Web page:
Randolph County officials fielded dozens of questions from the public about the county's response to the destructive storm of June 29 during the "After the Action Review" forum Wednesday.
A crowd of about 40 attended the forum, held in the Elkins High School auditorium, that featured a panel of county officials and business representatives.
The first question, read by moderator Heather Goodwin Henline, publisher and general manager of The Inter-Mountain, was from Betsy Thomas of Huttonsville, who asked about communication failures during the storm's aftermath.
The Inter-Mountain photo by Anthony Gaynor
Marvin Hill, center, director of the county’s Office of Emergency Management, speaks during Wednesday’s ‘After the Action Review’ forum at Elkins High School. Also taking part were, from left, Charles Moats of the Randolph County Fire Association, Greg Hefner of Mon Power and Jim Wise, director of the county’s 911 center.
Rob Henline of West Virginia Radio said his company owns five radio stations in Elkins and two towers on top of Kelly Mountain, all of which lost power after the storm.
"I don't want to say we dropped the ball, but we don't have backup generators," Rob Henline said. "We're a small company, we can't afford that."
Rob Henline said West Virginia Radio had a company come in to estimate how much generators would cost, and said the stations will soon have generators in Elkins and on Kelly Mountain.
"We learned we weren't ready for what could have been a much worse storm," he said.
Although the stations went off the air until power was restored, Rob Henline said employees did put information on Facebook and the stations' webpages. In response, some spectators in the audience Wednesday loudly called out "No power!" and "I don't have a cellphone!"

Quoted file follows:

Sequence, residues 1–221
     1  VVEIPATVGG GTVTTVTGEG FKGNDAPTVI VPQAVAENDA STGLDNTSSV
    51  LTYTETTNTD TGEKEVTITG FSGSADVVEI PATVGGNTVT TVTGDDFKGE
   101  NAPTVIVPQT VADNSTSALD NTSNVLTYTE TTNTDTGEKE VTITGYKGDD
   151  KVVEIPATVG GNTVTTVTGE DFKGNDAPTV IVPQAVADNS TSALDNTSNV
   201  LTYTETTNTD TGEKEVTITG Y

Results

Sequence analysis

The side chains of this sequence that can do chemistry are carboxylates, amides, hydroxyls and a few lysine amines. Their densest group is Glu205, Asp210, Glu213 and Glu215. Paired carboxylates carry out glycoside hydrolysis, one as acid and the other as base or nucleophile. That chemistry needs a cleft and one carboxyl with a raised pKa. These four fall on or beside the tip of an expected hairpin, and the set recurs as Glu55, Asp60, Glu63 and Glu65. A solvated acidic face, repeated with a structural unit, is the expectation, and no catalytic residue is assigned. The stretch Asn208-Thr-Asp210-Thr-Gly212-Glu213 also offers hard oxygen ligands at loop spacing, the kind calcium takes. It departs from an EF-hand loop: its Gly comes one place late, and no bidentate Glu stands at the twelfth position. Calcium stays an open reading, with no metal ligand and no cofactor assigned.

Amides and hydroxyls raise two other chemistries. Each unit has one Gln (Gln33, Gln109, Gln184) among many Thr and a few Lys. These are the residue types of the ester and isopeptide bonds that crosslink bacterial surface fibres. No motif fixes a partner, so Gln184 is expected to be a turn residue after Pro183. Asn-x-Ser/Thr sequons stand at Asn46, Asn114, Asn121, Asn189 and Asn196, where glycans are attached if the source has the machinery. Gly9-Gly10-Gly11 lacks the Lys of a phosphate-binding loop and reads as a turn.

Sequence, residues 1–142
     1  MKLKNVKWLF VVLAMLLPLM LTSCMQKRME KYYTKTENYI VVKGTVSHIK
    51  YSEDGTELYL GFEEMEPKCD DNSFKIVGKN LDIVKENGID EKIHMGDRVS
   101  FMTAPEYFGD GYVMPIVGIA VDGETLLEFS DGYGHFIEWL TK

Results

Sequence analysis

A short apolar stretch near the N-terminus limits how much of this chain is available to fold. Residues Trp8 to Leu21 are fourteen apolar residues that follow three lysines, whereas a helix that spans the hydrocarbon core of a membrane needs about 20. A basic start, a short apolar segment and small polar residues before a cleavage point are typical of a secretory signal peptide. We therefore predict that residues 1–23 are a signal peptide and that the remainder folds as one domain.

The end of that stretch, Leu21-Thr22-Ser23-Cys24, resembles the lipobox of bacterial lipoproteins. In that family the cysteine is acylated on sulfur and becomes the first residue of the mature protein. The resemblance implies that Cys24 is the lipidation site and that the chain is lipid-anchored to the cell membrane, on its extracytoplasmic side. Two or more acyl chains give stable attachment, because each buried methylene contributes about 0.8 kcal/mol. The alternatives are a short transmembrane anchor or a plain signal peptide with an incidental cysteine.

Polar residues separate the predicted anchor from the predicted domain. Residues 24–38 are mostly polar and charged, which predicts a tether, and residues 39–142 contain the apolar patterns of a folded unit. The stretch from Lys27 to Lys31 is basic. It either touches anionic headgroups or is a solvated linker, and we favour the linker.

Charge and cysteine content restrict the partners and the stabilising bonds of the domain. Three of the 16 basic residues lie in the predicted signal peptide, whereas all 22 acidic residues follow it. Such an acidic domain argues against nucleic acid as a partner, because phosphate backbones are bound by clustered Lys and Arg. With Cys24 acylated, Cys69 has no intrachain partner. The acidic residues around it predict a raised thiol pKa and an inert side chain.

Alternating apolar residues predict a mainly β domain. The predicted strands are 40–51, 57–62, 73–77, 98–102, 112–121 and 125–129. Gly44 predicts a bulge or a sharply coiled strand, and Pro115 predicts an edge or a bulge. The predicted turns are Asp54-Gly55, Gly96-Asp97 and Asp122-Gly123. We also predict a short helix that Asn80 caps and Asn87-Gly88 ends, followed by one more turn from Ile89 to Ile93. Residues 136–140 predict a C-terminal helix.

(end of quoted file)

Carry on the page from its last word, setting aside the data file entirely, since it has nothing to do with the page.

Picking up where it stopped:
"We did provide that to the people that got it," Rob Henline said. He also pointed out that 1240 AM is the local station to listen to in an emergency because AM stations "get back on the air quicker" than FM stations in a power outage.
Randolph County Commission President Mike Taylor said he had met with Rob Henline recently, and pointed out that the county can't "order" radio stations to buy generators, but is encouraging West Virginia Radio to do so.
Marvin Hill, director of the county's Office of Emergency Management, said the county has an AM radio station in his office with a broadcasting range of seven miles, and is trying to increase the range.
Michael McRae of Elkins asked why more shelters weren't opened in Elkins after the storm.
Dave Flanagan of the American Red Cross said, "There was a delay ... We tried to get them open as quickly as we could."
Flanagan said he has met with Hill to start "predetermining" shelters "so people know where to go."
Hill said the county's three shelters will be Camp Pioneer, as the "primary location," and Elkins High School and Tyrand Cooperative Ministries.
Only Camp Pioneer was opened as a shelter after the June 29 storm, and was closed after one day.
Dr. James Phares, superintendent of Randolph County Schools, said, "If you have a power outage again, I would certainly pick Elkins Middle School instead of Elkins High School, especially in the summer, because we can't cool this building."
Phares said the EMS backup generator can operate all the systems in the school, while Elkins High's backup generator can operate just the lights and some systems.